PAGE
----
• July 31, 2015
  • 10:00 AM
  • 63 views

How to make rice healthier for you and the environment

by Betty Zou in Eat, Read, Science

An innovative way of cooking rice that removes more arsenic than the conventional method and a new strain of high-starch, low-methane rice are discussed.... Read more »

  • July 31, 2015
  • 08:03 AM
  • 58 views

What if There Were Live Music at the Doctor’s Office?

by Jeremiah Stanghini in Jeremiah Stanghini

There was a really interesting study published earlier this year that had live music in a medical waiting room. The aim of the study was to learn more about the staff’s perceptions of this live music, but as you might expect, the live … Continue reading →... Read more »

  • July 31, 2015
  • 03:34 AM
  • 55 views

Careful now: oral colostrum MAF and Chronic Fatigue Syndrome?

by Paul Whiteley in Questioning Answers

I should perhaps begin this slightly longer than usual post by reiterating my well-trodden caveat on this blog about not giving anything that looks, sounds or smells like medical or clinical advice during my musings. This is a blog [mainly] about peer-reviewed science, nothing more. Added to that, I'm not your Dr Ross and you are not my patient.So... I've been seeing quite a bit about Gc-MAF (Gc Macrophage Activating Factor) in the news recently. The various headlines about autism and Gc-MAF (se........ Read more »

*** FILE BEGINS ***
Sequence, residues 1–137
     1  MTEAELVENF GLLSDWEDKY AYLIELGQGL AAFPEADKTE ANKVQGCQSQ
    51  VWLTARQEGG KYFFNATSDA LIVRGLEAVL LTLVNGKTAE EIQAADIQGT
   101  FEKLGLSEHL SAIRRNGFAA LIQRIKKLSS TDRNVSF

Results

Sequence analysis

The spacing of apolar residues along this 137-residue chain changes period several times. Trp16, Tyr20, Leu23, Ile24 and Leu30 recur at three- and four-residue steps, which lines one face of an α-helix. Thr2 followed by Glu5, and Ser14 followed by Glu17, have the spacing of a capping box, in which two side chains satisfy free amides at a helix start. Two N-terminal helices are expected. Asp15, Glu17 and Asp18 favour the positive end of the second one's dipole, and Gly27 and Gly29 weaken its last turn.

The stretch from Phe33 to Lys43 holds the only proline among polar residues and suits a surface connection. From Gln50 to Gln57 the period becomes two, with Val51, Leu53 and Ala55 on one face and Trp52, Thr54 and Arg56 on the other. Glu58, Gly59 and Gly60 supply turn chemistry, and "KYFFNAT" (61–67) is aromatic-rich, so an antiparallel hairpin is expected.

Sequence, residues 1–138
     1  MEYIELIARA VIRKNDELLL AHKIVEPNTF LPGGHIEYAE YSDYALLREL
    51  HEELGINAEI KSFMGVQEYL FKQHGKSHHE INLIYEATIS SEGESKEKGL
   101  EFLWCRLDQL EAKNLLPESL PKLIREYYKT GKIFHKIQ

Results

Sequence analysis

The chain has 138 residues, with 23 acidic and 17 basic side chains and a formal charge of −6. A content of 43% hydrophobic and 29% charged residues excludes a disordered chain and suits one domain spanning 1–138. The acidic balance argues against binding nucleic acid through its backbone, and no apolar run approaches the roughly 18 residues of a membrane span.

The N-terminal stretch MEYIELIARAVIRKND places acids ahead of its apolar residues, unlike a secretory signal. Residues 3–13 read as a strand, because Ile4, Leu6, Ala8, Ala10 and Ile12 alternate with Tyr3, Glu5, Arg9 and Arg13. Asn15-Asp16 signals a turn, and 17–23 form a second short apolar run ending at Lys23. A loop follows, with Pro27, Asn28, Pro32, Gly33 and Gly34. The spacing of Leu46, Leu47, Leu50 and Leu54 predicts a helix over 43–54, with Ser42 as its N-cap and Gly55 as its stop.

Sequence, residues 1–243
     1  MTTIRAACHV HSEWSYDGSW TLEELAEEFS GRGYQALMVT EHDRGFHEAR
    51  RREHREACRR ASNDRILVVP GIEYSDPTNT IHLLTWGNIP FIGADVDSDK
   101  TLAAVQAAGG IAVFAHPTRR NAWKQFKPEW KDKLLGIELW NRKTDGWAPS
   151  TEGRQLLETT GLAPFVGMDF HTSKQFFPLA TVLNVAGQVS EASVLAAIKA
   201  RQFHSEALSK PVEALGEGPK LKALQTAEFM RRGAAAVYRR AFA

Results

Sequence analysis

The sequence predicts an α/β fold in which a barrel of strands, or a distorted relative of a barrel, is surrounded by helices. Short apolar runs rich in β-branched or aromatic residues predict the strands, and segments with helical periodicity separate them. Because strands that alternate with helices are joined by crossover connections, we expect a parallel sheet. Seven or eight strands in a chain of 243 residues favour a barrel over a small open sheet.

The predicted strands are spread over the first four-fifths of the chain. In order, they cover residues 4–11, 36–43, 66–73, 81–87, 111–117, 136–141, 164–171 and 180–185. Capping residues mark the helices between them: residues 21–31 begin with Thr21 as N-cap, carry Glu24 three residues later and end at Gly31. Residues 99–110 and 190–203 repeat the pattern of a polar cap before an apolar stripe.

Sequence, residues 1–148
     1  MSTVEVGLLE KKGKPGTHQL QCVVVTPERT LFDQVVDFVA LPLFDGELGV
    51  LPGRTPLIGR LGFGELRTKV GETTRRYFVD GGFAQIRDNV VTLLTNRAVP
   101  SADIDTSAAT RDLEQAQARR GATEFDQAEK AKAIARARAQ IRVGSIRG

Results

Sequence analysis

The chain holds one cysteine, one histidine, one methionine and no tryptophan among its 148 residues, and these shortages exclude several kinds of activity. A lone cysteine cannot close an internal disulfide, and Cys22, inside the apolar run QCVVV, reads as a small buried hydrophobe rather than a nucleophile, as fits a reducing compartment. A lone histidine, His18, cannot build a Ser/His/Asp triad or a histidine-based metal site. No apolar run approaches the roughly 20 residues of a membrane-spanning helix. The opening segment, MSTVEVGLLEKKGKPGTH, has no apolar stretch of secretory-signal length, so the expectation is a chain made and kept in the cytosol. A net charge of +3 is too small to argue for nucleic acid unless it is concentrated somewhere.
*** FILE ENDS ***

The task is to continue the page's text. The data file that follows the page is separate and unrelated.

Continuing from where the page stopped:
• July 30, 2015
  • 01:55 PM
  • 57 views

Paralyzed men move legs with new non-invasive spinal cord stimulation

by Dr. Jekyll in Lunatic Laboratories

Five men with complete motor paralysis were able to voluntarily generate step-like movements thanks to a new strategy that non-invasively delivers electrical stimulation to their spinal cords. The strategy, called transcutaneous stimulation, delivers electrical current to the spinal cord by way of electrodes strategically placed on the skin of the lower back.... Read more »